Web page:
Revised CDC Guidelines for HIV Testing Encourage Earlier Diagnoses
On June 27, National HIV Testing Day, the U.S. Centers for Disease Control and Prevention (CDC) released updated recommendations for HIV testing that revolve around better diagnosing acute HIV.
Currently, a standard HIV antibody test detects the presence of antibodies that typically take two to eight weeks to develop. The updated guidelines recommend using a fourth-generation HIV test, which is a combination antibody-antigen test. These tests detect both HIV antibodies and the p24 antigen, a protein that is part of HIV itself. Because p24 can be detected four to seven days sooner than antibodies, using combination tests as the standard can help identify HIV cases earlier.
According to the guidelines, patients who test positive using the combination method should then be tested with an antibody differentiation immunoassay to distinguish between HIV-1 and HIV-2. If that test is negative or indeterminate, patients should then be tested with a nucleic acid test (NAT) to either confirm HIV diagnosis or determine a false positive.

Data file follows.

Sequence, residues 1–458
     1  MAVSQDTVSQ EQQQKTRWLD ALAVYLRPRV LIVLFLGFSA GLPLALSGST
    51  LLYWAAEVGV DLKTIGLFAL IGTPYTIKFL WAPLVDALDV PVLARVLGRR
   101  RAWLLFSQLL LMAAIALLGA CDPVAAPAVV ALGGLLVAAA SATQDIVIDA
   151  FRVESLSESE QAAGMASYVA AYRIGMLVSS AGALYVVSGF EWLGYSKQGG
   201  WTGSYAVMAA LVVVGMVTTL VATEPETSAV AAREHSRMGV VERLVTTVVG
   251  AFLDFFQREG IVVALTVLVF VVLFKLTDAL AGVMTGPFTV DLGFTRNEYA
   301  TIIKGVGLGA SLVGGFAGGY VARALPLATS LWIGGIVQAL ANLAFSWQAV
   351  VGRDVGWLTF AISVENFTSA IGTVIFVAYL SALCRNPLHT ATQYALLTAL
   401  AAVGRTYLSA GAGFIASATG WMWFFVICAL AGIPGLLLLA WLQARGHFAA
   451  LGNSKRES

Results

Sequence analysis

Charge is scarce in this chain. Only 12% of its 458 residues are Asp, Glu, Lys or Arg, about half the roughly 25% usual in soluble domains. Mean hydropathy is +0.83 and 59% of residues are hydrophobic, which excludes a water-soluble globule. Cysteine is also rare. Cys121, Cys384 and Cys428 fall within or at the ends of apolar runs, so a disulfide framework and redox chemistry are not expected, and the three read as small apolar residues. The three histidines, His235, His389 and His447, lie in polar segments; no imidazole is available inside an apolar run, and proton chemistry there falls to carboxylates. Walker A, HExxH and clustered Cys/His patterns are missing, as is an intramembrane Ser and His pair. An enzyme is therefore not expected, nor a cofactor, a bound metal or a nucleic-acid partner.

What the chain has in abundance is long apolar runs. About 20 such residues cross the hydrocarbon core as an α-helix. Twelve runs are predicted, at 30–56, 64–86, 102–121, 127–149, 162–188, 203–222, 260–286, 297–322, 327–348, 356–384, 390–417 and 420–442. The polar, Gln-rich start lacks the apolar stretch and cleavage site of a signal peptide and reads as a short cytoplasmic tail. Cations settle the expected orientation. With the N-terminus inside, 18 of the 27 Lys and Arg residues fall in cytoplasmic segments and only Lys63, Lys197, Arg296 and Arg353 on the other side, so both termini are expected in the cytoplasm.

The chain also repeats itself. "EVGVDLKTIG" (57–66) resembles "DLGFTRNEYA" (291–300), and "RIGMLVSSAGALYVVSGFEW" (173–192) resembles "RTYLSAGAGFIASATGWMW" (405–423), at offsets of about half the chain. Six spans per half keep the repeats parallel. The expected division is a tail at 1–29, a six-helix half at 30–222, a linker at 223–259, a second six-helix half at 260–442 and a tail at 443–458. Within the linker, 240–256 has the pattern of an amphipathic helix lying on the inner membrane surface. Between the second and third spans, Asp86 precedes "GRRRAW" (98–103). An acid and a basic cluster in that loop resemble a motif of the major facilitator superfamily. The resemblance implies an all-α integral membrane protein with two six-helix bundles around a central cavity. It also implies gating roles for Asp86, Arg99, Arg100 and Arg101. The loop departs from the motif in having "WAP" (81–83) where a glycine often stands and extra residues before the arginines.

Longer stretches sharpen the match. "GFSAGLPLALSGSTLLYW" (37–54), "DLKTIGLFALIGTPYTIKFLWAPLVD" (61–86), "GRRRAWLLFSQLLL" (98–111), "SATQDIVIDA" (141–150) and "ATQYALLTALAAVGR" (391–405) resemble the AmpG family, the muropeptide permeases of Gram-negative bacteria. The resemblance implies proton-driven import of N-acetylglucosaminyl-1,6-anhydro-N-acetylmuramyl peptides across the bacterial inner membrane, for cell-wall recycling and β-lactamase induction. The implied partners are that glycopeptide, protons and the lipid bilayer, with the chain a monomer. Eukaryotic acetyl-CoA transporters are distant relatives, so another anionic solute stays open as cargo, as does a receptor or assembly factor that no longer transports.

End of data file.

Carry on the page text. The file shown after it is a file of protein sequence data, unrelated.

"Today, CDC is recommending a new approach for HIV testing in laboratories that capitalizes on the latest technology to improve diagnosis of acute infection, the earliest stage of HIV infection when people are most likely to transmit the virus," said Jonathan Mermin, M.D., M.P.H., director of CDC's National Center for HIV/AIDS, Viral Hepatitis, STD and TB Prevention, in a statement.
"Identifying acute infections has long been one of our nation's biggest HIV prevention challenges, since these infections eluded traditional testing technologies. But with consistent and widespread use of this new testing method, we can diagnose people several weeks earlier than before. CDC is supporting laboratories to adopt this new approach as quickly as possible," Mermin concluded.
Read the full updated recommendations.